If you suffer from runner's knee, learn about how to improve the condition of runners knee. Runner's knee ( or Patellofemoral pain) is a common injury in runners. Runner's knee is characterized by swelling and pain in the cartilage surrounding the knee cap and the top of the femur. In runner's knee, the cartilage in the knee deteriorates and the knee becomes aligned incorrectly, which causes the pain and inflammation. Here are some ways to improve the condition of runner's knee:
- Proper training. Many beginning runners have trouble understanding that just because you "can" run, doesn't always mean you should. Your training and your mileage need to be build up slowly over time. You should not increase your training more than 10 percent each week. Additionally, it is important to realize that different workouts require different amounts of recovery (e.g. don't do a speed workout the day after you run hills).
- Proper shoes. The most important component of improving the condition of runner's knee is to wear proper shoes. Most runners (especially new runners) overpronate (i.e. turn their foot in too much) when they run. Runners who overpronate need running shoes with medial arch support and the right amount of cushioning. Make sure you are not running in old running shoes. Get a new pair of running shoes every 300 to 400 miles.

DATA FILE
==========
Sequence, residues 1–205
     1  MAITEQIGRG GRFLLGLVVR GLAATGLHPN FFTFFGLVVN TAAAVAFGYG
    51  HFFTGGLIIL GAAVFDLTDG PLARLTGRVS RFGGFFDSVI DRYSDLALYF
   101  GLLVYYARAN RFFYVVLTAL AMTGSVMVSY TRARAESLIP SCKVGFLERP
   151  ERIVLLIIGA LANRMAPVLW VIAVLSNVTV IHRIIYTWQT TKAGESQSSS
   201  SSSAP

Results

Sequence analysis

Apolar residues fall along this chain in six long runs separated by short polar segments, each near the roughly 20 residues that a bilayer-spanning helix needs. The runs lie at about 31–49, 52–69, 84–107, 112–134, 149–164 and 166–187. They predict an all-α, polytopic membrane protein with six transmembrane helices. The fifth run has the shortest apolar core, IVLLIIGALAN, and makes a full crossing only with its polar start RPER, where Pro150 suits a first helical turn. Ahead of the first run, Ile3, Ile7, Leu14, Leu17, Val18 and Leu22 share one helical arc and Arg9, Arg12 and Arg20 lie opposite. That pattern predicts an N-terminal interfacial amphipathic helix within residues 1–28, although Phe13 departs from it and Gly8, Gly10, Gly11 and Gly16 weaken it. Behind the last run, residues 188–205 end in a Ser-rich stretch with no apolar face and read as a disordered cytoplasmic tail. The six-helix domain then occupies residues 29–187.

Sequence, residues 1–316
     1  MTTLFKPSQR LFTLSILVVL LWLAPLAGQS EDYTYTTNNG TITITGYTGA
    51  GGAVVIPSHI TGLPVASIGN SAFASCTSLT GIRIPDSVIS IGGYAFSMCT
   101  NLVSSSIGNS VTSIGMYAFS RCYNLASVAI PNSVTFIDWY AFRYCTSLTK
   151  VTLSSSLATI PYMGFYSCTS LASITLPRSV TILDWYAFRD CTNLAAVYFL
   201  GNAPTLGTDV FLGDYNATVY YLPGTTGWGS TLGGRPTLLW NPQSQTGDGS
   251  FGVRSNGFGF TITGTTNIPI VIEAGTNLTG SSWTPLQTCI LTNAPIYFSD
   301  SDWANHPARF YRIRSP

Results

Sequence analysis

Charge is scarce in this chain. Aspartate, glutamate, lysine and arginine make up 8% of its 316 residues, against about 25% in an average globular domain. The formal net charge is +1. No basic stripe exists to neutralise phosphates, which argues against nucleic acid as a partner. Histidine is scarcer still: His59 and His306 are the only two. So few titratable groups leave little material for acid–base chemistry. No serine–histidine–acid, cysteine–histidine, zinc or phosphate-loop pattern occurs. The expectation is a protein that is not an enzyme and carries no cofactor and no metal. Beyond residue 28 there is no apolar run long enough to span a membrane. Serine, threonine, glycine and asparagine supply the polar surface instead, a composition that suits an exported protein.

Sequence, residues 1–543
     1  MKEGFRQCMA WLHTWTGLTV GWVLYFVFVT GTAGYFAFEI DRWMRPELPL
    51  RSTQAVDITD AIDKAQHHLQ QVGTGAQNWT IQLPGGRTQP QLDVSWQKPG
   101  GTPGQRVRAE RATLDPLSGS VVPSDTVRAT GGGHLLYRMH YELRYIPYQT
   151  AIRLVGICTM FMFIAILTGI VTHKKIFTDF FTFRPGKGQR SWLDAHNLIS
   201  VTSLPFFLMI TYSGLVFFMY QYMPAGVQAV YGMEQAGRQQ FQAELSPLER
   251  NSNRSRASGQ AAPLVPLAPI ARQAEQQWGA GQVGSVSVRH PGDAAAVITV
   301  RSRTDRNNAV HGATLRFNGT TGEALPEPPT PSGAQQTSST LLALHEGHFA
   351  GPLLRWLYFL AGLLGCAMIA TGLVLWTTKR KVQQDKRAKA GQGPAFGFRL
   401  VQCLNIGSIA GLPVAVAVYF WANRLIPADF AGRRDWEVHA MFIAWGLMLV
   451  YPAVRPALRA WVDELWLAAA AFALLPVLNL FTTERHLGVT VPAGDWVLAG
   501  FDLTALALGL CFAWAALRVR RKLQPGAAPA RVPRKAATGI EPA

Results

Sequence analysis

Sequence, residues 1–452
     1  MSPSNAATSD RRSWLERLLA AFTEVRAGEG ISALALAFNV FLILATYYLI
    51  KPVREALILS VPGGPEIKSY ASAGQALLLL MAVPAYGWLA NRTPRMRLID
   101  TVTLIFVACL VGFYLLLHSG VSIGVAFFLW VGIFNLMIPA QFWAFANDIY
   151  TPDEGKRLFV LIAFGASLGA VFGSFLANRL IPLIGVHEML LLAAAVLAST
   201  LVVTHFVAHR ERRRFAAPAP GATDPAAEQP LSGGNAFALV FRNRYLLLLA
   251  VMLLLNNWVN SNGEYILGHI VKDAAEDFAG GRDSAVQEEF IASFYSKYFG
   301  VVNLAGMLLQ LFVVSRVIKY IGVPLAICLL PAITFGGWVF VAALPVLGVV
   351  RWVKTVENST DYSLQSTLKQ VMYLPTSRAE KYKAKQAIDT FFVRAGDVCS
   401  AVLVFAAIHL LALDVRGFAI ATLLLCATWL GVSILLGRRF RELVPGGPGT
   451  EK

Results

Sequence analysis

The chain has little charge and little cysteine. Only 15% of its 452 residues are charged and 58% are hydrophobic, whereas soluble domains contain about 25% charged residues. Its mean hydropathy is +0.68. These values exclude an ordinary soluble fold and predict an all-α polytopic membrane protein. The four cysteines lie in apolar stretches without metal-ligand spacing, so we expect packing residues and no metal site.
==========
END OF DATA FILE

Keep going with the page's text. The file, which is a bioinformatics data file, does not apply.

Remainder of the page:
- Strengthen your quads. Your quadriceps help stabilize your knee cap. Many people who suffer from runner's knee have weak quads. In order to strengthen your quads and improve the condition of runner's knee, you will need to do strength training two to three times per week. Start by doing twelve to twenty lunges or leg lifts (unless these exercises exacerbate your runner's knee).
- Reduce inflammation. Runner's knee results in vast inflammation throughout the knee. In order to improve the condition of runner's knee, it is important to reduce the inflammation. Talk to your doctor about taking an anti-inflammatory drug. Ice and elevate your knee after you run.